• Michael Jones says:

      Wow Laurie, that must have been amazing! With hindsight, I think I would have enjoyed those gigs. I was 30 in 1987, so maybe I was a bit old?
      Next week’s post is about children and colour, with more help from Joni and an artist called Liz West. I am flying to Bangkok tomorrow to run some training courses, so hope to have some very colourful photos for the post!
      Thank you for replying

  3. Cathy Parker says:

    I love the Smiths!!
    When my children were very young ( my eldest especially) would not go off to sleep to any nursery rhymes or lullablies, but… sing a smiths song or put them on the record player (yes the record player!!) and he used to drop off really quickly!!

    • Michael Jones says:

      Wow Cathy! What did you sing? Something upbeat like ‘Girlfriend in a Coma’ or ‘This Charming Man’? And did he like you to flail your arms around while whirling a large bunch of flowers?
      Only joking… I wonder if they were responding to something that gave you a lot of pleasure, and that they associated with you being happy and having fun?
      There certainly is something about the Smiths and Morrissey that attracts millions of people the world over. I was in Bangkok recently and played ‘Ask’ before I started giving my talk about quiet children. One of the delegates nearly jumped out of her seat with pleasure!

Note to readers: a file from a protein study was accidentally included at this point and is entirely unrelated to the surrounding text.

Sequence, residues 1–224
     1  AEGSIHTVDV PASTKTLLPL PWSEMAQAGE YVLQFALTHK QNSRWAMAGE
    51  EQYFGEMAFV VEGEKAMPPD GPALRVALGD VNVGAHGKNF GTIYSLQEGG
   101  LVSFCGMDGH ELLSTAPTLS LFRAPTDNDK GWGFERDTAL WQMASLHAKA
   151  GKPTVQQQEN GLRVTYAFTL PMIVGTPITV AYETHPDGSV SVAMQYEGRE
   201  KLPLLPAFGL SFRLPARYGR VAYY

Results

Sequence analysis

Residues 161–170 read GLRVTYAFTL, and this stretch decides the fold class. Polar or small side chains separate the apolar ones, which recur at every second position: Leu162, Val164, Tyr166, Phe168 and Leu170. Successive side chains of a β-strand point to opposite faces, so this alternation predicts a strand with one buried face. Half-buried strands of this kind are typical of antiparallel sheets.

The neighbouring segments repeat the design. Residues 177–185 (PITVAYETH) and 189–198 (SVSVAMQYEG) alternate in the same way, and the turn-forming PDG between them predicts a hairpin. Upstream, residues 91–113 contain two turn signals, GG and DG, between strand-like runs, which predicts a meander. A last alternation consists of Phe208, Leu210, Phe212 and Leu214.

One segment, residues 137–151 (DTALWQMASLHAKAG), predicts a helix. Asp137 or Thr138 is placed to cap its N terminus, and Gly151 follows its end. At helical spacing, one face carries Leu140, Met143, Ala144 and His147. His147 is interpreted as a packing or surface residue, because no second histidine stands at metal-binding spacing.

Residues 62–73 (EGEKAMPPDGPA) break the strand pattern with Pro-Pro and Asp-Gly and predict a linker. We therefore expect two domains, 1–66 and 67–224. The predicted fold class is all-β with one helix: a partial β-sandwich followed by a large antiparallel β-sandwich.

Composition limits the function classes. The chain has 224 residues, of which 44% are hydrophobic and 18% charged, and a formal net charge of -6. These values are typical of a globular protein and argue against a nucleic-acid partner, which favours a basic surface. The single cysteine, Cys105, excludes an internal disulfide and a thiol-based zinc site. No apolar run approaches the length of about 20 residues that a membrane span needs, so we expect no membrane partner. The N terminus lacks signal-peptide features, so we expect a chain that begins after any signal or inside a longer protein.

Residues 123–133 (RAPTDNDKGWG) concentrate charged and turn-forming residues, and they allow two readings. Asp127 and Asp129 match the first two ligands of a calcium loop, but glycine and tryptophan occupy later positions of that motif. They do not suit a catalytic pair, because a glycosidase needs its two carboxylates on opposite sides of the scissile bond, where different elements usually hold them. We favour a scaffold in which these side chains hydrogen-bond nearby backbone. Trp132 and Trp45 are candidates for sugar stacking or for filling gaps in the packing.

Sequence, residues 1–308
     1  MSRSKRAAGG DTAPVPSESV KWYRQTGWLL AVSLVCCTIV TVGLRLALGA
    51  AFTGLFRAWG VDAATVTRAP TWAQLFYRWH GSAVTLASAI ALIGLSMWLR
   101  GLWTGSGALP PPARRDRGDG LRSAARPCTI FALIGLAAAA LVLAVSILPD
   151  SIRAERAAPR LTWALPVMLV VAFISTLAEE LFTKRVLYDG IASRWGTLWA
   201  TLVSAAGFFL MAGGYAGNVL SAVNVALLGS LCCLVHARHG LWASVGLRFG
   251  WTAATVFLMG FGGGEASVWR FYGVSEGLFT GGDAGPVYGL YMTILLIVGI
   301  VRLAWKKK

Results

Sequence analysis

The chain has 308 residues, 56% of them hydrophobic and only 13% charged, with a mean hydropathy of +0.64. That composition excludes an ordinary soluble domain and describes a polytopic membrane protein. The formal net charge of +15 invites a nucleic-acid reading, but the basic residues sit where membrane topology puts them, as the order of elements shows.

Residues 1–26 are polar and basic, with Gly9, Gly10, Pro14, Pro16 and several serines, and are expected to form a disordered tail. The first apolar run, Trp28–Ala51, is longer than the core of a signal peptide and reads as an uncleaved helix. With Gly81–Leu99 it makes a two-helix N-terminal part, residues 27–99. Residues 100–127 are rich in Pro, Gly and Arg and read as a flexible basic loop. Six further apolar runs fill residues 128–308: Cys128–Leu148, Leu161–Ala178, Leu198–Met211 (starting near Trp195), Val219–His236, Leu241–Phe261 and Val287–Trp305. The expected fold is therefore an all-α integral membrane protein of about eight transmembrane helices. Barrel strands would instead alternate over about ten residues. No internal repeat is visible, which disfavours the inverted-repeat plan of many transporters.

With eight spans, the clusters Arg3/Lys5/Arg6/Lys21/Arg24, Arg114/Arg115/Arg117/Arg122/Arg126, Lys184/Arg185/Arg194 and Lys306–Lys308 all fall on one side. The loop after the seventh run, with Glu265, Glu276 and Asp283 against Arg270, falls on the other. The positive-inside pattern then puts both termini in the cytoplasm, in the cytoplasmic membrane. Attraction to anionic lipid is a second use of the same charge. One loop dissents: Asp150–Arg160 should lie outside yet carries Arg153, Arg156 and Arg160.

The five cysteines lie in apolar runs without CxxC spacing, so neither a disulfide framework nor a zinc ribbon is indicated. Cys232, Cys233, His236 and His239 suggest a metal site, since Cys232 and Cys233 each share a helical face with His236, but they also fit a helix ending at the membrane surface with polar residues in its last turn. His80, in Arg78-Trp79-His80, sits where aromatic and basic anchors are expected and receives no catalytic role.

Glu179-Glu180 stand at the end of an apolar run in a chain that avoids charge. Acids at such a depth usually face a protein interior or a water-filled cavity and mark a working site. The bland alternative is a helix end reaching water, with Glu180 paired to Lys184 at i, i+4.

Best wishes from Michael

  4. Cat says:

    I just stumbled across your post when looking for some lyrics for the smiths song ask. I didn’t know the name of it, now I do. What a beautifully written piece, thanks for this. I too interrupt when others are talking as my mind can be racing and I get excited, thanks for reminding me to think about becoming a better conversationalist and how much I love music, if it rains tomorrow i am going to make a ‘mix tape’ with my husband and dance with my young kids 🙂

    • Michael Jones says:

      Hi Cat! Thank you for your kind words. In my experience, fans of the Smiths are always very interesting people. Have you seen 500 Days of Summer? The two main characters are Smiths fans.
      I write the posts to help people think about children and helping children to express themselves, and to have a bit of fun writing.
      I have another site 1970s Mind 21st Century Body, that is a bit more ‘adult’. I hope it rains today, so you can have fun making your mix tape!!!
      Thanks again